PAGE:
Bears-Lions: And the winner is…

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Bears-Lions: And the winner is…

Coach John Fox addressed his team at a special meeting on Friday. While he wasn’t getting into details of his remarks, the general tenor was clear for the wrap-up of a season of reforming a destitute culture within one of the NFL’s marquee franchises.

“I think this is unique in that you're kind of finishing one season and beginning another year so how you finish is important,” Fox said.

The specific outcome of the Bears-Detroit Lions game Sunday has not mattered since the playoffs dealt both teams out over the past couple weeks. But it does matter in the minds of Bears coaches who’ve worked since last January to install not only different systems in all three phases, but also a different mindset around winning.

[MORE: Complete Bears-Lions coverage on CSN]

So while the stated objective of avoiding a second straight season with double-digit losses may seem both meaningless and menial, it isn’t for those invested in the process and wanting to be part of a Bears future.

It was more than coincidence that GM Ryan Pace’s first three signings in free agency were two players from winning Super Bowl teams – Pernell McPhee, Antrel Rolle – a third who’d been part of playoff teams two of his previous four seasons – Eddie Royal – and a fourth who anchored offensive lines for playoff teams two of his last three seasons – Will Montgomery.

The point has been to import building blocks with talent and character and, particularly now, to “get some good energy in the building, some wins, some confidence,” said quarterback Jay Cutler. “Because I really don’t feel like that we’re that far off.”

A season on the rebound from its 0-3 start went completely off the rails with losses to lesser opponents with losing records (San Francisco, Washington). A victory over Detroit does not give the Bears a winning record. But it would end a five-game losing streak against the Lions, longest run of futility against that division rival since the six straight losses from 1968-70.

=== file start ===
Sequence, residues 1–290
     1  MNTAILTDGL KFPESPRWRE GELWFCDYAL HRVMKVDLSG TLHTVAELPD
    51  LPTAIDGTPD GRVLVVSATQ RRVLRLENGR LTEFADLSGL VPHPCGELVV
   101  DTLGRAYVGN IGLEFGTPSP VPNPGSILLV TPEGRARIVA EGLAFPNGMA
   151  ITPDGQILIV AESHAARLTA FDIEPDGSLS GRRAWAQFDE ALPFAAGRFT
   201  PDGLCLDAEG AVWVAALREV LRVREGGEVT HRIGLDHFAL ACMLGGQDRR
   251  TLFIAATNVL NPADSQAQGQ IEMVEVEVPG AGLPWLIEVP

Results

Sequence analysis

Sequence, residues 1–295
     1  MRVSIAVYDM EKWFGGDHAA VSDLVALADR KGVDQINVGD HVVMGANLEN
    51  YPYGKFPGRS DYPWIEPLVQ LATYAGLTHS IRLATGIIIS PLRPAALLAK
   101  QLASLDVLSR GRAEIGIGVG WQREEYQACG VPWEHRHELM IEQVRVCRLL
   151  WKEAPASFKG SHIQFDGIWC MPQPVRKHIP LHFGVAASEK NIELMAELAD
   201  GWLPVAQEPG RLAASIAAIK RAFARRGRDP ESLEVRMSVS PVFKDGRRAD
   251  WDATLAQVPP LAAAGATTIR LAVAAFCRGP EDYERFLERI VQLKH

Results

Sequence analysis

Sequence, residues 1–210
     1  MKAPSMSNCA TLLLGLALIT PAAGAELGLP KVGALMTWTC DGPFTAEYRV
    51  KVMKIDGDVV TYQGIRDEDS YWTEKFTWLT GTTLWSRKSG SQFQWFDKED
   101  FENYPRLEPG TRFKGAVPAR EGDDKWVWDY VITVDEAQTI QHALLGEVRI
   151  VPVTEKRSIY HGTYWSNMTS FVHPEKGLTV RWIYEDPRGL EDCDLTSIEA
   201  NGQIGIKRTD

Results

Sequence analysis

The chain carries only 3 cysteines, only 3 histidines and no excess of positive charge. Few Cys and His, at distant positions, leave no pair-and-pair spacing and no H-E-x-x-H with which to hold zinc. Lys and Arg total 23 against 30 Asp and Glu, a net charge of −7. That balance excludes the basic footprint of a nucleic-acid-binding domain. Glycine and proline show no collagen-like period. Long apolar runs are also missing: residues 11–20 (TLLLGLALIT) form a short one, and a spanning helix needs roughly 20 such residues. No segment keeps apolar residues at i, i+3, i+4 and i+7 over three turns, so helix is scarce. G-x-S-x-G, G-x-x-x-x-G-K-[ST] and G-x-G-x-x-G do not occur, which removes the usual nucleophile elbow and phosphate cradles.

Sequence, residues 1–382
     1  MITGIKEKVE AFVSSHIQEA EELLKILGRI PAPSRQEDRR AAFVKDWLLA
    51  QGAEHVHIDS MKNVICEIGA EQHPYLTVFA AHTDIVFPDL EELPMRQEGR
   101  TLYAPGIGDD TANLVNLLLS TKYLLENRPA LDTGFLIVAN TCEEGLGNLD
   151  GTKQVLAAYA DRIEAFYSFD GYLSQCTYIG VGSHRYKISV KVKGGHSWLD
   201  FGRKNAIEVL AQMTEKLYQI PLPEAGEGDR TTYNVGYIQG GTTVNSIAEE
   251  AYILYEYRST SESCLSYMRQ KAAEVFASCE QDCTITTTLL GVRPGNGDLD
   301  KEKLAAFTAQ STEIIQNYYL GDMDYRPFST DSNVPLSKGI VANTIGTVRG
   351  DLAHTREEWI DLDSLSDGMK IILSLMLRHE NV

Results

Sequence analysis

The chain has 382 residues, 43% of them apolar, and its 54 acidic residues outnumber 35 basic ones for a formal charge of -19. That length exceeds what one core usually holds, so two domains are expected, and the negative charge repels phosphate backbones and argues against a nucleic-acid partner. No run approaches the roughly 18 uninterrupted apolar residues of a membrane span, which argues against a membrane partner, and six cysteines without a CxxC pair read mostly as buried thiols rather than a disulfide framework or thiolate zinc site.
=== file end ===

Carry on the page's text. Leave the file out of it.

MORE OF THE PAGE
[SHOP: Gear up Bears fans!]

Coaches and personnel staff will be continuing an evaluation process that has been going on for nearly a year for more than a few players. But the bigger focus is on building a culture from within.

“It’s mostly about trying to stay positive,” said defensive end Willie Young, “and keeping all the young guys on the same page and doing whatever it takes to get this thing rolling again.”

And the winner is…

For all of the talk of attitude shifts, none of that really happens without wins to sustain confidence of players in themselves and in everything the coaching staff is presenting. For most of this season, that has been present as the schemes of coordinators Adam Gase, Vic Fangio and Jeff Rodgers put players generally in positions to make plays, and players not making them and pointing thumbs, not fingers.

The Lions (6-9) are a better team than they were when the scraped out an overtime win at Detroit back on Oct. 18, the first of the three times the Bears (6-9) played and failed to reach .500. The Bears? Not so sure what they’ve become.

The Bears had lost three straight before thumping the Tampa Bay Buccaneers last Sunday. The Lions have won their last two and five of seven since a 1-7 first half-season with the only win over the Bears. The Lions are wondering about the future of head coach Jim Caldwell; the Bears don’t have a head-coaching question but do have others about themselves and the ability to target a game and win it.

“It would be big,” said cornerback Tracy Porter. “To have that momentum going into the offseason, to finish the season out on a two-game wining streak, that would create huge momentum leading into next year.”

So who comes out of Sunday with momentum?

Moon's prediction: Bears 23, Lions 17

Recalling Bears RB Rashaan Salaam: a gentle young man, now dead at age 42

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AP